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Illustration: Rebecca Zisser/Axios
Facing stubborn company resistance to higher wages in the tightest U.S. labor market in a half-century, increasing numbers of cities and states are forcing employers to push up their pay.
The backdrop: Labor's share of national income has plunged since 2000, according to the St. Louis Fed, and wages have been largely flat since. The rise in corporate profit is far outrunning labor income, the Fed branch said. (h/t Heather Long).
The tipping point for the pushback was the 2016 elections, in which Democratic presidential contender Bernie Sanders made a $15 minimum his central plank — double the $7.25 federal minimum. At the time, his demand was widely seen as outlandish, but now it's been mainstreamed.
But, but, but: Leading economists are not convinced that the hikes — in both red and blue states — amount to a nascent pro-labor public groundswell.
The bottom line: David Autor, an MIT professor and one of the world's most respected labor economists, said low unemployment would have to continue for many years to reverse the decades of flat wages. "And even if that were to come to pass (which it has rarely done)," Autor tells Axios, "it's far from certain that this would restore the sizable fall in labor's share of national income since 2000."
Scientists at Central South University in Hunan, China. Photo: Guang Niu/Getty
The escalating U.S. fear of Beijing's spies chipping away at the American tech edge has a new focus: Chinese scientists who are recruited to return to their homeland.
Axios' Erica Pandey reports: China is making its Thousand Talents Plan — a widely publicized government program that has lured an estimated 7,000 Chinese scientists back home to date — disappear, reports the journal Nature. The program has been wiped from government sites, and interviewers have reportedly been instructed to no longer mention the initiative by name when speaking with prospective recruits.
The big picture: Scientific cooperation between the U.S. and China is splintering amid the full-blown trade war and intensifying Washington rhetoric around Beijing's economic espionage. It threatens to slow scientific advances across the world.
Thought bubble, from Axios science editor Andrew Freedman: China is making great strides in multiple fields, including supercomputing, AI, gene editing (biology), medicine, atmospheric sciences and space exploration, to name a few. Their goals are ambitious, and it's not so much that luring scientists back home will set scientific progress back, but more that it'll probably benefit China versus other nations, like the U.S."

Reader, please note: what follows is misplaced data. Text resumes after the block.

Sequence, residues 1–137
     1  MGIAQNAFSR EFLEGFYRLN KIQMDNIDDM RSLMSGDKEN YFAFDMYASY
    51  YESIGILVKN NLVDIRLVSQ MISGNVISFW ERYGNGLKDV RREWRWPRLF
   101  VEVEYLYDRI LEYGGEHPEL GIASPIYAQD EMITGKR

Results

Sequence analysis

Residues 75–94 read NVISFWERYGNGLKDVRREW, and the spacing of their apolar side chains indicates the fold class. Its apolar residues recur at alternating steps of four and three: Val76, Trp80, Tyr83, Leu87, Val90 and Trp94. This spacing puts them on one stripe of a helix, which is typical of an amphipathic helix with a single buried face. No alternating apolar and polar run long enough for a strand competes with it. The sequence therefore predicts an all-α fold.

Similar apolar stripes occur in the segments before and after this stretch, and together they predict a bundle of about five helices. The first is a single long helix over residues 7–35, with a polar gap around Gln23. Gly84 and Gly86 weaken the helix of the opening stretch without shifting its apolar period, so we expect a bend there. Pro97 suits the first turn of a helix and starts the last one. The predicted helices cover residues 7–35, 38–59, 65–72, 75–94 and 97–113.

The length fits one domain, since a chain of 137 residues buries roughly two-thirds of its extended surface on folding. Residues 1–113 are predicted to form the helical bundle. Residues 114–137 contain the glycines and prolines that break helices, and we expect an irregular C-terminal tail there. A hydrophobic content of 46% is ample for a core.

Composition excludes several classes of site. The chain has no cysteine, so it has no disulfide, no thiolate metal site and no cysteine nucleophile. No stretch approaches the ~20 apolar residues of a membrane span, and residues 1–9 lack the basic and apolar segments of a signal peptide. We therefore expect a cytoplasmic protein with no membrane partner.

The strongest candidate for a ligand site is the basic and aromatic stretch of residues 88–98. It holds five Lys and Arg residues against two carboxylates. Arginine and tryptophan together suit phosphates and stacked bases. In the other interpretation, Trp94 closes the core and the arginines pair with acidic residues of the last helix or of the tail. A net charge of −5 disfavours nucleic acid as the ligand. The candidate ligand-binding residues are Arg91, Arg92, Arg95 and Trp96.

The bottom line: Xi Xiaoxing, a physicist at Temple University, told Nature: “Every scientist should be concerned — not just scientists of Chinese origin." Xi was arrested by the FBI for sharing sensitive information with China, but his case was later dropped.
Jeff Bezos. Photo: David Ryder/Getty
Yesterday, we reported that concern about antitrust action from Washington may be influencing how Amazon selects its much-sought new headquarters — specifically pushing it to favor the D.C. area.
What they're saying:
A leading thinker on the Amazon breakup is Lina Khan, author of seminal paper "Amazon's Antitrust Paradox." Khan argues that antitrust laws focusing on prices miss Amazon's market power.
That's precisely what European Union regulators are probing: whether Amazon's consumer data give it an inherent — and unfair — advantage over rivals.
"If the [U.S.] agencies investigate, they will focus on the questions raised by specific conduct; for example, the use of leverage to exclude rivals, keep them at bay, and entrench market power by doing so."— Eleanor Fox, antitrust law expert and professor at NYU
But some legal experts tell Axios that Amazon is in the clear:
"The two most common antitrust complaints about Amazon concern low prices and acquisitions. As to the former, the fact that Amazon grew for many years while not running company-wide profits most likely reflects consumer-friendly but lawful prices and aggressive investment in product improvements and new lines of business. The public criticisms fall far short of demonstrating a pattern of unlawfully low prices. As to acquisitions, I am not aware of any instance in which Amazon has obtained market power by merger or acquisition."— Doug Melamed, antitrust law professor at Stanford
Illustration: Rebecca Zisser/Axios
The world's new economic powerhouses (Joel Weber — Bloomberg)
Llama power and a universal flu vaccine (Eileen Drage O'Reilly — Axios)
China runs from the FBI (Smriti Mallapaty — Nature)
Flashback to 2007: Buybacks exceed capital investment for two straight quarters (Lisa Abramowicz — Bloomberg) (tweet)
Doctors hate their computers (Atul Gawande — The New Yorker)
Hibiscadelphus wilderianus. Photo: L. Radlkoffer and J.F. Rock, Botanical Bulletin, September 1911. The flower is thought to have become extinct the following year.
As far as anyone knows, the Hibiscadelphus wilderianus, a hibiscus flower native to the forests of Maui, vanished in the early 1910s. Since then, no one has smelled its fragrance — until now.
Background: The reconstitution project was led by Ginkgo's Christina Agapakis, who found a dried-and-pressed sample of the hibiscus at the Harvard Herbaria. Her team was permitted to take small bits of the hibiscus kept there.
Ginkgo will sell a scaled-up version of the perfume as part of an art exhibit to open in February in Paris. Next, it will go to New York.